The Amik Basin in the Eastern Mediterranean region has been continuously occupied since 6000-7000 BC. The landscape has sustained with highly variable anthropic pressure culminating during the Late Roman ... [more ▼]

The Amik Basin in the Eastern Mediterranean region has been continuously occupied since 6000-7000 BC. The landscape has sustained with highly variable anthropic pressure culminating during the Late Roman Period when the Antioch city reached its golden age. The basin also sustained a high seismic activity (M≥7) as it is a releasing step-over along the Dead Sea Fault. The study focuses on the sedimentary record of the Amik Lake occupying the central part of the Basin. Our objective is to constrain major paleo-environmental changes in the area over the last 4000 years and to unravel possible human impacts on the sedimentation. A diverse array of complementary methods was applied on the 6 m long record. High resolution of mineralogical (XRD) and geochemical (XRF) analyses were performed. Quantitative mineralogical phases of sediments by the Rietveld method were computed using Topaz software. The age of the record is constrained combining radionuclide and radiocarbon dating, and checked using the correlation between the earthquake history and rapidly deposited layer identified. A high sedimentation rate of 0.12 cm/yr was inferred at the coring site. The 4000 years old record shows that significant fluctuations of the lake level and the riverine system inflow into the Amik Lake occurred. The Late Bronze lowstand leaded to punctual dryings of the lake at the end of the Bronze/Iron transition marked by the collapse of the Hittite Empire and during the Dark ages. At that time, the riverine was carrying a large terrigenous input linked to strong soil erosion related to deforestation, exploitation of mineral resources and the beginning of upland cultivation. During the Roman Period and in the later periods, upland soils were partly depleted and the riverine system completely transformed by channelization that leaded to a mashification of the Amik Basin. Chemical and mineralogical composition of sediments is quite diversified reflecting the significant geological variation of drainage basins. Abundant calcareous minerals, especially calcite, aragonite, dolomite and small amount of wollastonite characterize the different sedimentary levels recorded in the lake. Levels relatively rich in fluorite, richerite, enstatite, and wollastonite are a result of the erosion of the ophiolitic rocks from the surrounding Amanos Mountains. These levels are interpreted as corresponding to relatively high erosive periods, while more humid periods lead to more intensive weathering and consequently to the dominance of kaolinite, muscovite/illite and talc more advanced in the relative stability scale, indicating a climate with contrasting seasons. During the most recent Period a marked increase in terrigeneous minerals associated with a rise in dolomite indicates ungoing erosion as well as the drying-out of the lake. [less ▲]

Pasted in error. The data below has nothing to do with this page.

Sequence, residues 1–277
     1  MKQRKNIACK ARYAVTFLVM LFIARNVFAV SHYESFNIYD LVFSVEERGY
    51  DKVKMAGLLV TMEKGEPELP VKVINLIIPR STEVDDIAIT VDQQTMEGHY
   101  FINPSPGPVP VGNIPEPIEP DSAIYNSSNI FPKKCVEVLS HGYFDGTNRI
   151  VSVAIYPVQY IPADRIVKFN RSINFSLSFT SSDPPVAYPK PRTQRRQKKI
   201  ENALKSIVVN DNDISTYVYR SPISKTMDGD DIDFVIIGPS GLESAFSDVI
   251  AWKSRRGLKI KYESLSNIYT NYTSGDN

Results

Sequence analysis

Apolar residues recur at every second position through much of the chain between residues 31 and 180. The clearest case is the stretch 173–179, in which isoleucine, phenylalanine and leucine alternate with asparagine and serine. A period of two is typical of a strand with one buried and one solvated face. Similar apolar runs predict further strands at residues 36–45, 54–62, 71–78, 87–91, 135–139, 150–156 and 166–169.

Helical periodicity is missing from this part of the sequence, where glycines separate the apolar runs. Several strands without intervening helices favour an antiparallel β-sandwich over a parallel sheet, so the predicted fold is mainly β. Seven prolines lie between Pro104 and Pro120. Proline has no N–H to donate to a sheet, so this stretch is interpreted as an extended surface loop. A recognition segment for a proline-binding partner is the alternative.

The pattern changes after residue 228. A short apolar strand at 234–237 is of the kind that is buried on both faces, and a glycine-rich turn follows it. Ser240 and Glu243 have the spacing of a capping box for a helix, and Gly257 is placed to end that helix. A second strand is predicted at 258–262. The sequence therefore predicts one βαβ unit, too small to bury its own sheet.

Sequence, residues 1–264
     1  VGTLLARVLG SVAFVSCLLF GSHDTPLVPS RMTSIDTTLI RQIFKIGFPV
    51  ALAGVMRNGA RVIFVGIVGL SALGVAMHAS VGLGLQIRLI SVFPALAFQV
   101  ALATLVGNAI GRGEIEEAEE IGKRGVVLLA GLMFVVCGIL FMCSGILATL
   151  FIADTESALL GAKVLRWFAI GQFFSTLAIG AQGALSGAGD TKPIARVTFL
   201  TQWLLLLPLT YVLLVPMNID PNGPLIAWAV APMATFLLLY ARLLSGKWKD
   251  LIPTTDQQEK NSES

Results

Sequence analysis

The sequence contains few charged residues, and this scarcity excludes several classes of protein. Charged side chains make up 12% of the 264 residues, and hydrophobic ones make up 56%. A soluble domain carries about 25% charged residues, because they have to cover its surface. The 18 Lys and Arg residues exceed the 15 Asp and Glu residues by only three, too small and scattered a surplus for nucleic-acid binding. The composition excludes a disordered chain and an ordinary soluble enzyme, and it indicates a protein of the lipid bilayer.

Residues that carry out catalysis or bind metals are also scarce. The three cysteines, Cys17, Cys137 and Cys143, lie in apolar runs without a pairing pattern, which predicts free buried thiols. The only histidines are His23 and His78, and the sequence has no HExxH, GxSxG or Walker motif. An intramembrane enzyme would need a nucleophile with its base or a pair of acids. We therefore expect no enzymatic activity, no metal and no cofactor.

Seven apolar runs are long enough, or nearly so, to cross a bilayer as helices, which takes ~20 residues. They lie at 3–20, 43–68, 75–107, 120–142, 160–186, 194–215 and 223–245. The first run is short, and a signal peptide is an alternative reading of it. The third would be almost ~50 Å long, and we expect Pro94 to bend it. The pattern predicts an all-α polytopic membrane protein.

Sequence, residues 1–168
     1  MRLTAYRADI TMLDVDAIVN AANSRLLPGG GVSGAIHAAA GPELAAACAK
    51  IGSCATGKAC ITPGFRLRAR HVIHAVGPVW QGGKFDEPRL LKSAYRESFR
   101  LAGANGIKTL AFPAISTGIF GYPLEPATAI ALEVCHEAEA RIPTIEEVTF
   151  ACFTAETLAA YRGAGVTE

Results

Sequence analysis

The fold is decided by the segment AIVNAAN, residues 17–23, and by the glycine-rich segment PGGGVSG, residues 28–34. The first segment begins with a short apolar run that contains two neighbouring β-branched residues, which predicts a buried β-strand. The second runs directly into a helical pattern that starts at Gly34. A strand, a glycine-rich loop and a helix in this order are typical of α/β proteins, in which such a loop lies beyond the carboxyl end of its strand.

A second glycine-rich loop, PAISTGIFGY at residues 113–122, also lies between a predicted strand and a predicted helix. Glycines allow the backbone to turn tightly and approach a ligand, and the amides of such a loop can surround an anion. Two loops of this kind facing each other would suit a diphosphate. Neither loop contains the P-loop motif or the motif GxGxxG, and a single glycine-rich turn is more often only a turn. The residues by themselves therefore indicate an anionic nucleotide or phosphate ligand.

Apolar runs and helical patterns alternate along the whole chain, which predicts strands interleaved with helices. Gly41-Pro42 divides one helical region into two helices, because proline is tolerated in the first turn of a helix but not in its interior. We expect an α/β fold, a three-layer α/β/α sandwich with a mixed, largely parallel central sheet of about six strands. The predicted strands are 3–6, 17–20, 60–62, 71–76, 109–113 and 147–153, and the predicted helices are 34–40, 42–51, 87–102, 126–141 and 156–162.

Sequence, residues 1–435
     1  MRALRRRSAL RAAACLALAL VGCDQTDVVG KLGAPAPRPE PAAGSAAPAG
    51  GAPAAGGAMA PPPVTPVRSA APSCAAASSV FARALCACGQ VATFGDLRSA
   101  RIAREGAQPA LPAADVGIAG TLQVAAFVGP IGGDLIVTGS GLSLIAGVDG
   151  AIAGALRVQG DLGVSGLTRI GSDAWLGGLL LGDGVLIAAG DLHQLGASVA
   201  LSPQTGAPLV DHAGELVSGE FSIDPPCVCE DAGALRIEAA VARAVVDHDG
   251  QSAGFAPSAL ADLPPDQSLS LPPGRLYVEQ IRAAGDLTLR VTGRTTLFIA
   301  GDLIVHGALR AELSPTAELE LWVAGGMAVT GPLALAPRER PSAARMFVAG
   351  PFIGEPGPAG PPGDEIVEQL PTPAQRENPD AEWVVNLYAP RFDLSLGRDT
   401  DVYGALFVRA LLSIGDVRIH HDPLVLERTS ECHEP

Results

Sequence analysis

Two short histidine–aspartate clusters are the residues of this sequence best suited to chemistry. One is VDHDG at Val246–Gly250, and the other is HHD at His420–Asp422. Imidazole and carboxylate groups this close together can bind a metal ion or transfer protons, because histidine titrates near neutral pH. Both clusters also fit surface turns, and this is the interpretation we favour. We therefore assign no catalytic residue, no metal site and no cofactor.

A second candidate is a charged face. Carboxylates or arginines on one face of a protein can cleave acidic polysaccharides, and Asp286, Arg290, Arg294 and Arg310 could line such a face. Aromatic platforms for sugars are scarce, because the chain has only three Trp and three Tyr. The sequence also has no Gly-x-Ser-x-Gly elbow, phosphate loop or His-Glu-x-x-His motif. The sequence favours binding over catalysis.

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See detailContrasted terrace systems of the lower Moulouya valley as indicator of crustal deformation in NE Morocco